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Despite This Week’s Victories, Obama Has Struggled At The Supreme Court

The Obama administration won three major victories at the Supreme Court this week, with the justices upholding the Affordable Care Act, legalizing same-sex marriage, and preserving a legal tool that can be used to fight housing discrimination. But the administration has mostly struggled to win at the court, as a review of the past six years of cases shows. Obama’s winning percentage, when the U.S. or a federal agency is a party to a Supreme Court case, is less than 50 percent — the lowest of any president dating back to the Truman administration.


Using the Supreme Court Database, I identified all those cases in which either the United States or a federal agency was a party, as either a petitioner or respondent. The database, which shows the outcome of the cases, goes back to 1946, and we’ve added in this week’s results.

Measuring by cases where the court ruled in favor of the U.S. or federal agency, the Obama administration has “won” just over 47 percent of cases. For as far back as our data goes, which is into Harry S. Truman’s first term, no other administration has won less than 57 percent of its cases.

To understand this disparity, I spoke by phone with Jeffrey Segal, a Supreme Court scholar at Stony Brook University and a contributor to the Supreme Court Database. For the most part, Segal thinks Obama is happy with the court’s rulings, but he agrees that outside of the blockbusters, the administration has fared remarkably poorly.

“The court has been striking down cases involving federal agencies, which is unusual given the deference that they’re supposed to show under Chevron,” Segal said. (“Chevron deference,” named after a 1984 court case in which the oil company was a party, is the principle established by the court that gives agencies the ability to interpret statutes, as long as those interpretations are reasonable.) “This perhaps suggests that the federal agencies have been going way beyond their normal interpretation of federal statutes.” There have been 50 cases involving a federal agency since 2009.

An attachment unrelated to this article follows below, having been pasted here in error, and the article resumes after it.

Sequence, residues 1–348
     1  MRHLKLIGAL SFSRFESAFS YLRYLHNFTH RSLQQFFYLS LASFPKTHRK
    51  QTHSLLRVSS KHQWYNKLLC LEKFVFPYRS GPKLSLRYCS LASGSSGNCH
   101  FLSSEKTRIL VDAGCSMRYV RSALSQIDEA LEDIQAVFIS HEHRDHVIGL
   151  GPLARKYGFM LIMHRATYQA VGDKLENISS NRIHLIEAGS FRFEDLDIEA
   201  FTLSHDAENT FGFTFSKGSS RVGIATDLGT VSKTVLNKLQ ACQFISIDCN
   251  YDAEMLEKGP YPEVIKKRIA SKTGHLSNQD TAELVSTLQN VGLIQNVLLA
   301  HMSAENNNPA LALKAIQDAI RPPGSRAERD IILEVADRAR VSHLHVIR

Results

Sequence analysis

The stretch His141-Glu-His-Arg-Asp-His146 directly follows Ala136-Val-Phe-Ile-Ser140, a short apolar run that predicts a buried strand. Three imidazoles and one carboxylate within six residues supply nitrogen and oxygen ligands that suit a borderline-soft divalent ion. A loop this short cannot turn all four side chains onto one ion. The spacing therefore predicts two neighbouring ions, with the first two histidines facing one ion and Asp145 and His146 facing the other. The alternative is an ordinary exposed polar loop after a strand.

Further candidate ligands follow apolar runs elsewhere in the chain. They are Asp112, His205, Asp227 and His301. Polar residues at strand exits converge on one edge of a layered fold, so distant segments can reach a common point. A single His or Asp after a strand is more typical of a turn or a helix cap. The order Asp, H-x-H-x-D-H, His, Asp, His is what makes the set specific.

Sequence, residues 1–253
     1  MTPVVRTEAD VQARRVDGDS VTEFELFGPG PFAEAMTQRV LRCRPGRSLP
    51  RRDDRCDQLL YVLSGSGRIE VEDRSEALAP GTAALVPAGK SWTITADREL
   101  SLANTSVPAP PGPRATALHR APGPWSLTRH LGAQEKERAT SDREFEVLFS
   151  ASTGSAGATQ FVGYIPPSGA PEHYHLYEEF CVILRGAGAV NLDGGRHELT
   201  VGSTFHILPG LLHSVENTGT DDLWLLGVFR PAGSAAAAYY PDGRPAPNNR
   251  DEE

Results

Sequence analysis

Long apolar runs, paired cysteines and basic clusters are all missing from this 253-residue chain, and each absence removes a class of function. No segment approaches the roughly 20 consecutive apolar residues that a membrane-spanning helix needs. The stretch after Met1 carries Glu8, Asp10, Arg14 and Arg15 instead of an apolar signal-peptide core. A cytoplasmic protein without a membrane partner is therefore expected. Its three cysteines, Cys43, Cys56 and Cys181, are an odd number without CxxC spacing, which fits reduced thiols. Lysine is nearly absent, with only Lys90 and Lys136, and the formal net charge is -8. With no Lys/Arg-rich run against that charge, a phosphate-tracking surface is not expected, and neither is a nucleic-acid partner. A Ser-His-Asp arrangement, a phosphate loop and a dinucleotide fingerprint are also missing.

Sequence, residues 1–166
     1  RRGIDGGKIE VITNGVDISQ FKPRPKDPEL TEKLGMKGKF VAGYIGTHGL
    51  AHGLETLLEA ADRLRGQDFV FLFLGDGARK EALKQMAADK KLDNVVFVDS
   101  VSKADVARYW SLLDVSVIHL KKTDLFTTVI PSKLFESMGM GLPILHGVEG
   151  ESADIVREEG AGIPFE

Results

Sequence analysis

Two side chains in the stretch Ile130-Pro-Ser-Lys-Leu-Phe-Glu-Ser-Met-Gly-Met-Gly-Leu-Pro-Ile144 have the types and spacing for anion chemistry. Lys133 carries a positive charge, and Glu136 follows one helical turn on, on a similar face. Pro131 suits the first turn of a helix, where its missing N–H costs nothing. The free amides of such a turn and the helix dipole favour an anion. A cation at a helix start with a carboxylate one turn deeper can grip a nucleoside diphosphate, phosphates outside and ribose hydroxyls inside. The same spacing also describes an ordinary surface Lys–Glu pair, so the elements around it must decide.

Notably, even in Thursday’s decision upholding Obamacare’s insurance subsidies, the court did not base its ruling on Chevron deference.

Much of this is explained by Obama’s strained relationship with Congress. Obama has been aggressive in getting his agencies to do his bidding because he hasn’t had much luck getting Congress to do it. When a president has a hard time with Congress, he’s going to try to act administratively instead, said Segal.

So have Obama’s federal agencies been pushing things to the limit a bit? “Yes,” Segal said. They’ve been “more aggressively interpreting laws.”

The deference shown by the court to federal agencies has been a historical fact, for the most part, and there is scholarship on this topic back to the 1930s and President Franklin Roosevelt. In the chart above, Presidents Ronald Reagan and Gerald Ford have win percentages above 70 percent. But “Reagan and Ford aren’t the outliers,” Segal said, “Obama is the outlier.”

Asthaa Chaturvedi contributed research to this article.

Oliver Roeder was a senior writer for FiveThirtyEight. He holds a Ph.D. in economics from the University of Texas at Austin, where he studied game theory and political competition.